Help! They Are Swimming - And Speaking French!

by Pool Builders on 09-24-2012 in Articles

Local elections are coming up soon in Belgium. As always local elections have turned into quasi-national elections and in Belgium this means the continued existence of the country is called into question once more.

According to a recent poll commissioned by various Belgian newspapers and broadcasters the N-VA remains the largest party in Flanders. With 36.7% of voters in Flanders expressing their intention to vote for Bart De Wever's Flemish ultra-nationalist party and a further 11.1% of votes intended for Vlaams Belang (the Flemish neo-fascists), nearly 50% of the Flemish population favours separatist parties.

Traditional Flemish parties such as the Christian Democrats (CD&V), the Liberals (Open VLD) and the Socialists (SP-A) together would collect only just above 38% of the Flemish vote.

Ultra-nationalism and separatism have firmly taken root in Flemish politics. Whereas the ridiculously convoluted intricacies of the Belgian political system often give the impression of a complex situation, it acts as a very handy fog screen behind which the nationalists can hide and blur the argument in order to seem less virulently selfish and, ultimately, fascist.

Because despite all these technicalities, the nationalist rhetoric boils down to the following:

- "Eigen volk eerst!" (Our people first!) - Flanders is financially better off and no longer wants to share with people who do not speak their language or are from different backgrounds. Solidarity has irrevocably left the house.

- "We were there first!" - Flemish nationalists tie ethnic nationalism to territorial nationalism and hence claim territory in the name of the Flemish people who were "there" first at the expense of other cultures. A quasi-sacred quality is sought in the nation and in the popular memories it evokes and requires the establishment of a mass, public culture based on common values and traditions of the population.

- "Fear of the other" - Flemish nationalists are scared of people who are not like them and ultimately fear that their "nation" and culture are not resilient enough to handle outside influences from other cultures. Xenophobia bears the hallmarks of a weak culture constructed on a myth.

The following are just a few examples of how Flemish nationalism is actively discriminating against other people:

- The Flemish "Wooncode" requests that persons seeking public or social housing, in Flanders, prove their knowledge in Dutch. They will otherwise be turned down.

- The Flemish are calling on all French-speaking inhabitants of Flemish towns and cities to integrate, including those people who have lived their entire lives in mainly French-speaking municipalities. The NVA insists for French speaking Belgians that live on Flemish territory to prove their "level of integration". If found insufficient, they should be obliged to take Flemish classes and courses fostering greater integration.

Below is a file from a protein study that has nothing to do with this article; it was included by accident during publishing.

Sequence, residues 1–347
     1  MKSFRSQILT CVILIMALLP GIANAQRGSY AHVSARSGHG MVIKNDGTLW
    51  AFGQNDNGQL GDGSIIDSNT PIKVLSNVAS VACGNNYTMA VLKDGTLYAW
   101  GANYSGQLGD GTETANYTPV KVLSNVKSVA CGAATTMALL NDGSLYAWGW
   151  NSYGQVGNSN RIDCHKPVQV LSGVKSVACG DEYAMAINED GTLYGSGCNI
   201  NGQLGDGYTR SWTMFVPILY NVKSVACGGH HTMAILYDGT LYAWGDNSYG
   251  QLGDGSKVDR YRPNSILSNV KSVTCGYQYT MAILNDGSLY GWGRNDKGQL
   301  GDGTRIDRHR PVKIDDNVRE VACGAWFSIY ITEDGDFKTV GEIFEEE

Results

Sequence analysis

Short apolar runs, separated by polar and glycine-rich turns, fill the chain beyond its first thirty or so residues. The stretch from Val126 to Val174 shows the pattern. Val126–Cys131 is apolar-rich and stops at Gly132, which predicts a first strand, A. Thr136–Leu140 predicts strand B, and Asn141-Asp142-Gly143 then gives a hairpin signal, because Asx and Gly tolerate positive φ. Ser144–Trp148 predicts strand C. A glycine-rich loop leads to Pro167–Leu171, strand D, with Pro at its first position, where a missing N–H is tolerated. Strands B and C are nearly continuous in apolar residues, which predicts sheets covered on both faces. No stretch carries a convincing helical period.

- In Overijse, close to Brussels, a slogan hangs above the swimming pool with the words "ik zwem, jij zwemt, wij zwemmen, in het Nederlands" (I swim, you swim, we swim, in Dutch). This is a variation on the ubiquitous "ik speel, jij speelt, wij spelen, in het Nederlands" (I play, you play, we play, in Dutch), an initiative of the province of Flemish Brabant that saw the distribution of 350 banners to decorate playgrounds encouraging kids to speak Dutch. 32 municipalities rushed to acquire such banners.

- The Flemish sports association, Bloso, controlled by the Flemish government, runs sports activities and camps. But Bloso also says that children who do not speak or understand Flemish can be sent home without a refund.

- A rather legalistic technical issue has resulted in the Flemish refusal to appoint three French mayors democratically elected on the outskirts of Brussels for non-compliance with the use of languages.

- In some towns the public libraries are required to be provided with 80% of books in Dutch, although French-speaking citizens make up the majority.

- In yet other places in Flanders, inhabitants are obliged to know the Dutch language to be able to acquire a property or land.

- Convocation letters to invite citizens to vote can only be sent out in Dutch even in municipalities where the majority of citizens are French speaking.

The list continues, but perhaps the label "non-violent fascism" is not out of place to describe the evolution of Flemish politics. And if polls are anything to go by, the upcoming local elections are only going to make matters worse. After all, it is a well-known fact that scared people are very dangerous when in group.

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